Sanger's use of radical tactics to educate women about birth control, especially her publication of the radical journal The Woman Rebel, brought her once again to the attention of the U.S. Postal Service. When the U.S. government brought charges against her, Sanger fled to Europe where she befriended the sex reformer Havelock Ellis, who encouraged her to avoid radical political rhetoric and reframe her writings in the language of the social sciences. The pneumonia death of five-year-old Peggy Sanger, which occurred shortly after her mother's return to the New York in October 1915, devastated Margaret Sanger. But Peggy's death, in tandem with William Sanger's arrest for distributing a copy of Family Limitation, aroused considerable public sympathy for Sanger, which, in turn, led the U.S. government to drop its earlier charges against her. More convinced than ever of the need to legalize birth control, Sanger and her younger sister Ethel Byrne opened the Brownsville Clinic in Brooklyn in October 1916 and, for ten days before the police closed it down, the two dispensed contraceptive advice to 488 women. Tried and imprisoned for her work, Margaret Sanger became a national figure. On appeal, Sanger won a clarification of the New York law forbidding the dissemination of contraceptive information. The Judge, Frederick Crane, rejected Sanger's argument that, because it forced women to risk death in pregnancy, the law was unconstitutional. Nevertheless, Crane did establish doctors' right to provide women with contraceptive advice for "the cure and prevention of disease."

Interpreting Crane's decision broadly as a mandate for birth control clinics staffed by doctors, Sanger completed the strategic and tactical transformation she had begun at Havelock Ellis's suggestion. Sanger minimized her radical past and began to stress eugenic arguments for birth control over feminist ones. In doing so, she gained increasing support from both medical professionals and philanthropists; in 1921 such backing allowed her to organize the American Birth Control League, which would become the Planned Parenthood Federation of America in 1942. In 1923, aided by her second husband, millionaire J. Noah Slee, Sanger opened the first doctor-staffed contraceptive clinic in the U.S., the Birth Control Clinical Research Bureau in New York City, under the direction of Dr. Hannah Stone. In addition to dispensing birth control information and devices, the Bureau trained hundreds of physicians in contraceptive techniques and served as a model for the national network of 300 clinics Sanger and her supporters would establish over the next fifteen years. In 1925 Sanger convinced her old friend Herbert Simonds to found the Holland Rantos Company, which became the first American company to produce the diaphragm. Between 1929 and 1936 Sanger and her lobbying group, the Committee on Federation legislation for Birth Control, waged a series of court battles which culminated in United States v. One Package, which overturned the old statutes by permitting the mailing of contraceptive devices intended for physicians. Sanger's victory in this case led the American Medical Association to endorse contraception as a legitimate medical service and a vital component of medical education in 1937.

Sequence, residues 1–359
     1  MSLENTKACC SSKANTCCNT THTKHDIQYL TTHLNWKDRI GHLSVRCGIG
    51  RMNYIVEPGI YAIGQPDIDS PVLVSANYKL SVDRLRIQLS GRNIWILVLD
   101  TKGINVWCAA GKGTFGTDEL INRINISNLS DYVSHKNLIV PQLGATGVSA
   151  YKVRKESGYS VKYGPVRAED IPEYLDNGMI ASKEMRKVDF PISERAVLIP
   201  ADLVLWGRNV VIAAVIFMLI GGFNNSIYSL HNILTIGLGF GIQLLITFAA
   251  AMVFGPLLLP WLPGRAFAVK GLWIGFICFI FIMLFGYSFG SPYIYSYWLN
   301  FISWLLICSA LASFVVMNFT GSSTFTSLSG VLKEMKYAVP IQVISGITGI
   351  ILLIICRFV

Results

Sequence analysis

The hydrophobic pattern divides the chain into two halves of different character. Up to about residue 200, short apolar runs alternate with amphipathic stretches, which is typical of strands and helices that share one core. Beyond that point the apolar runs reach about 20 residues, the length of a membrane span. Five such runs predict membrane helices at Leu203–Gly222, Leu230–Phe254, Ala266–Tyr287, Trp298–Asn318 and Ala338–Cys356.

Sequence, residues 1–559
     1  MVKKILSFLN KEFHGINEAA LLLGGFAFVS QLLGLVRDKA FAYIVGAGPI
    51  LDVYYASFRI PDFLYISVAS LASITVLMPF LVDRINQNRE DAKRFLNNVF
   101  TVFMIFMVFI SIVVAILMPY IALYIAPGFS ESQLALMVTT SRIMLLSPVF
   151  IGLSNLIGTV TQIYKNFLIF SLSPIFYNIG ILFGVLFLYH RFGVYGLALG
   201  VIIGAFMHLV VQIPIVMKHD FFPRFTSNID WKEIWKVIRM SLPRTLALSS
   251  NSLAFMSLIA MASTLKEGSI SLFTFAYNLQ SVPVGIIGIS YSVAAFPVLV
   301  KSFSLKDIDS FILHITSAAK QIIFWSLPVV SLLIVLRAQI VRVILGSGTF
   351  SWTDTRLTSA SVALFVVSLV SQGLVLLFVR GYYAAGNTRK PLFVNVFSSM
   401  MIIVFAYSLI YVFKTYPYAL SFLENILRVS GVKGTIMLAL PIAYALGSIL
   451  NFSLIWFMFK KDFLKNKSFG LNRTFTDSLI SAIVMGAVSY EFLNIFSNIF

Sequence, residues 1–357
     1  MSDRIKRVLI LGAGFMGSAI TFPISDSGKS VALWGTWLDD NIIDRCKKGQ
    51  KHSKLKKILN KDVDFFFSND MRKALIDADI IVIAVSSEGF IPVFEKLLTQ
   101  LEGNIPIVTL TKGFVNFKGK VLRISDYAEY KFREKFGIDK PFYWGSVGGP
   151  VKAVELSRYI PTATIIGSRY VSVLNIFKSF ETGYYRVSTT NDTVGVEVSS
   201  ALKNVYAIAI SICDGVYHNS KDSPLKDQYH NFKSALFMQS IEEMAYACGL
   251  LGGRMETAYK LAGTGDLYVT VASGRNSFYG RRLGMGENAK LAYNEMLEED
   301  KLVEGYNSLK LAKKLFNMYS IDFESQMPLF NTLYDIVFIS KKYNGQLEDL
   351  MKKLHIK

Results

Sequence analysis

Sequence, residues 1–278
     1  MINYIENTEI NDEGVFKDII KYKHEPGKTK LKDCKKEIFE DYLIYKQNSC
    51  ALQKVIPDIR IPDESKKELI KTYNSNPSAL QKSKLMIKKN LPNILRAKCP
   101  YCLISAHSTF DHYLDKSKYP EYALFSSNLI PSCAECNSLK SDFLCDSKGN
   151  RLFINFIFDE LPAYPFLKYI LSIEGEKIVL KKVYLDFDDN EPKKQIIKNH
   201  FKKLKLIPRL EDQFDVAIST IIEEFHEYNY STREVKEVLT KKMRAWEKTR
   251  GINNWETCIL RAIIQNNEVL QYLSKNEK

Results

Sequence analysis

After the U.S. v. One Package Victory Sanger retired to Tucson, Arizona determined to play less central role in the birth control movement, yet her influence continued. In 1952 Sanger helped found the International Planned Parenthood Federation and served as the organization's first president. Also in the 1950s she won philanthropist Katharine Dexter McCormick's financial support for Gregory Pincus's work on the development of the birth control pill. Margaret Sanger died of congestive heart failure in Tucson on September 6, 1966.